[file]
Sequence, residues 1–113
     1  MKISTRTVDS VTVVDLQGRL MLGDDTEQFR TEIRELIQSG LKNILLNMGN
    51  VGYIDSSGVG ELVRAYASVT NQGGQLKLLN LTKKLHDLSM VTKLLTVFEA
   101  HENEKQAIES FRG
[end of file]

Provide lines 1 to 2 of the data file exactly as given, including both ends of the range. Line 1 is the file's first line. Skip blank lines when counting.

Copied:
Sequence, residues 1–113
     1  MKISTRTVDS VTVVDLQGRL MLGDDTEQFR TEIRELIQSG LKNILLNMGN